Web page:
Sudden Infant Death Syndrome (SIDS)

The risks of getting SIDS

  • Boys have a higher risk of SIDS than girls
  • The risk of SIDS is higher in babies born to a teenage or younger mother
  • The risk of SIDS is higher in premature and low-birthweight infants, including twins and triplets.
  • The risk is higher in babies born to mothers who smoked or abused drugs.
  • Cold weather months can increase the risk of SIDS
  • Deaths due to SIDS occur rapidly and more frequently during sleep, especially between midnight and 9 am

Statistics

  • 7,000 babies every year are killed by SIDS…one baby every hour every day
  • 90% of babies who die of SIDS are under six months of age

What is SIDS and what causes it?

SIDS or Sudden Infant Death Syndrome is described as the sudden death of a baby, in which the cause cannot be determined even after an autopsy. It can occur without warning and is a major cause of death of infants during the first few months of life. It seems to be associated with a sudden overwhelming respiratory infection. This can lead to abnormalities in breathing and heart rate.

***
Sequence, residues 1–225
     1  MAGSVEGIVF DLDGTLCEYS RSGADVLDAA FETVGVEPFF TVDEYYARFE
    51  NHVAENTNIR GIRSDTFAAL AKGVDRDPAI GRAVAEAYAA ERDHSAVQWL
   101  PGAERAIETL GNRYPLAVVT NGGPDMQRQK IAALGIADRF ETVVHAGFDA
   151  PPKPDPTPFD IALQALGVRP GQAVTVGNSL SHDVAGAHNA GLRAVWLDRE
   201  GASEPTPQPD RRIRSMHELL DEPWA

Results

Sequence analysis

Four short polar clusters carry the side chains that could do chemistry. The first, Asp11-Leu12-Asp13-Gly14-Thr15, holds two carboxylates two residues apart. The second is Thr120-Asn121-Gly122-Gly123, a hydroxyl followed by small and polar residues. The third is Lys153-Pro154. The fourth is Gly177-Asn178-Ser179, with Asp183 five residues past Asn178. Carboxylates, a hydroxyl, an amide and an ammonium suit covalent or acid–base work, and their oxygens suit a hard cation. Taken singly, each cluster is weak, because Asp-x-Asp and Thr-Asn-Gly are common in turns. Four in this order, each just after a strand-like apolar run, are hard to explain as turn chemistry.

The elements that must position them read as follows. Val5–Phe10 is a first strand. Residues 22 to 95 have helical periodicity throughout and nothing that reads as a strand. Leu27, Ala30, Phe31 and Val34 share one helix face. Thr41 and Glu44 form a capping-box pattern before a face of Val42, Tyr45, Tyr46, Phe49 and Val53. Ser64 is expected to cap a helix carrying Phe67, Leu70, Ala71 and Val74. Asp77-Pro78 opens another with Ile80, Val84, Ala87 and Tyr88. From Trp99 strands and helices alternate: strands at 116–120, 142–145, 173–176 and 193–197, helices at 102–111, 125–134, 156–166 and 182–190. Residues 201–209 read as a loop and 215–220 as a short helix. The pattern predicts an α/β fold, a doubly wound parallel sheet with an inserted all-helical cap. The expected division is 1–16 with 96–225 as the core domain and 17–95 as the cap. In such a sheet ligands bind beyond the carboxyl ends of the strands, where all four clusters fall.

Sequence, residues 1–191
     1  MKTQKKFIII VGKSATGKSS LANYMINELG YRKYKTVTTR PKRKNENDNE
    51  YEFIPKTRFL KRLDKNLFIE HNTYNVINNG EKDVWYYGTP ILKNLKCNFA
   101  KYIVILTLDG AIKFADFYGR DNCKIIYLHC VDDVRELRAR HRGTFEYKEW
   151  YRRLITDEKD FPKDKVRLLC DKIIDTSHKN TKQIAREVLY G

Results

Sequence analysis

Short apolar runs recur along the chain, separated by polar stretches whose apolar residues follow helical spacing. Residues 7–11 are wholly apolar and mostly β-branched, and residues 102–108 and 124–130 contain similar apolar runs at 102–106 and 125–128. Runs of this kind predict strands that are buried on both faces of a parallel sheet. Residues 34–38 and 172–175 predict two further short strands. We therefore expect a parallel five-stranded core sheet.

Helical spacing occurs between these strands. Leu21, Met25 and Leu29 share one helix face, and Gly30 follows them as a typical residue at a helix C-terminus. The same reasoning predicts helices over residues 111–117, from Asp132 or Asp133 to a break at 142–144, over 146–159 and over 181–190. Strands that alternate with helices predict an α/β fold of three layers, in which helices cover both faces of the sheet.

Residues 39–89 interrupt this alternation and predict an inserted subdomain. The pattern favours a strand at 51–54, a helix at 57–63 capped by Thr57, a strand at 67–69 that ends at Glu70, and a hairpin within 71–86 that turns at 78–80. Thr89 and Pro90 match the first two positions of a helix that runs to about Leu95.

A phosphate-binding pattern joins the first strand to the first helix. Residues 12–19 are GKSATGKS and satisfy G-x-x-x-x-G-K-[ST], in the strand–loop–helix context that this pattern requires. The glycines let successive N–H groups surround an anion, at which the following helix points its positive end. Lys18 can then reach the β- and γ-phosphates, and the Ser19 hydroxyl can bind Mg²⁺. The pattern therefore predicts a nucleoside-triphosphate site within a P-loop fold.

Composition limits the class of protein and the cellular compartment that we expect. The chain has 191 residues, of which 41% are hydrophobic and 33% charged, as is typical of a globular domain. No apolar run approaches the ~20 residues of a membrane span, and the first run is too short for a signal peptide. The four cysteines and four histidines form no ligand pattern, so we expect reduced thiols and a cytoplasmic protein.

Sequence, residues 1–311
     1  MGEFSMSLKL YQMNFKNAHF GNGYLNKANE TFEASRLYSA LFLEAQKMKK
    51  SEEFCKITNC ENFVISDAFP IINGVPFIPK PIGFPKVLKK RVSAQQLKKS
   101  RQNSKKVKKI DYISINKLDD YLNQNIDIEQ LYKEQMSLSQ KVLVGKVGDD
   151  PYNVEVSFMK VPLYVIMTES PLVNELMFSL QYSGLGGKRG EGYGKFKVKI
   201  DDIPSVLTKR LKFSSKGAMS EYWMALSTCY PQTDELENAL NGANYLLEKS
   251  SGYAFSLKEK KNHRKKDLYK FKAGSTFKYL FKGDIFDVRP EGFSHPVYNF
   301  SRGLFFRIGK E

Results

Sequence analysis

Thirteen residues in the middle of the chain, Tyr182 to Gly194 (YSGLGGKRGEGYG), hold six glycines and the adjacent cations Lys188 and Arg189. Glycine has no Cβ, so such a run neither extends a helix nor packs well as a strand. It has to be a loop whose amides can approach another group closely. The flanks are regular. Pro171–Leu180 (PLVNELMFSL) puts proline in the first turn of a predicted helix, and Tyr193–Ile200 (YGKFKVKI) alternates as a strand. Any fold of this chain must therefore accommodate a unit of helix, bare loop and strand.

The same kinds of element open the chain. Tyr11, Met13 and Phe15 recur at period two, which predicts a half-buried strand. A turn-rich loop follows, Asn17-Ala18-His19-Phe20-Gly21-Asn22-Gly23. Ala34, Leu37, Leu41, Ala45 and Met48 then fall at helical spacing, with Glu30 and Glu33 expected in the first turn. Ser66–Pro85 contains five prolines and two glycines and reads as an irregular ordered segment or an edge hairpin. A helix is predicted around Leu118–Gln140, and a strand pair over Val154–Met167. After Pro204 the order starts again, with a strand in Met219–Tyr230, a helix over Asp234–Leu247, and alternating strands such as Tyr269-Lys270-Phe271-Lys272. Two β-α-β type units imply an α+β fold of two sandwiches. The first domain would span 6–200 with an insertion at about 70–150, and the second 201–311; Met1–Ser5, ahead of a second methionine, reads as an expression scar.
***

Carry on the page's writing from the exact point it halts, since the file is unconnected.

Prevention

IT CANNOT BE PREVENTED. HOWEVER, YOU CAN TAKE STEPS TO REDUCE THE RISKS OF SIDS:

  • Placing the baby on its back when sleeping has been shown to be helpful
  • Do not smoke or drink when pregnant, or around the baby after birth. This increases the risk of SIDS according to the National Center for Health Statistics.
  • Use of firm bedding materials for the baby may be helpful. The following are not recommended:
    • sheepskins
    • foam bags
    • beanbag cushions
    • waterbeds
    • foam pads
    • foam sofa cushions
    • foam pads covered with comforters
  • Breast feeding your baby can reduce the risk of getting certain illnesses, disorders, and infections.
  • Don’t keep the baby too warm (i.e. too much clothing, too many blankets, or very warm room).
    Pediatricians recommend maintaining room temperature between 68-70 degrees Fahrenheit. Signs that a baby may be too hot include:
    • sweating
    • damp hair
    • heat rash
    • rapid breathing
    • restlessness
    • occasionally fever

REMEMBER: There is no substitute for good prenatal care and if you observe any changes in your baby, contact your doctor IMMEDIATELY!!

Patient Resources

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Updated Mask Policy

If you are fully vaccinated masking is optional in our offices; if you have not been vaccinated masking for your protection is strongly encouraged. This is subject to change as COVID levels fluctuate in our community

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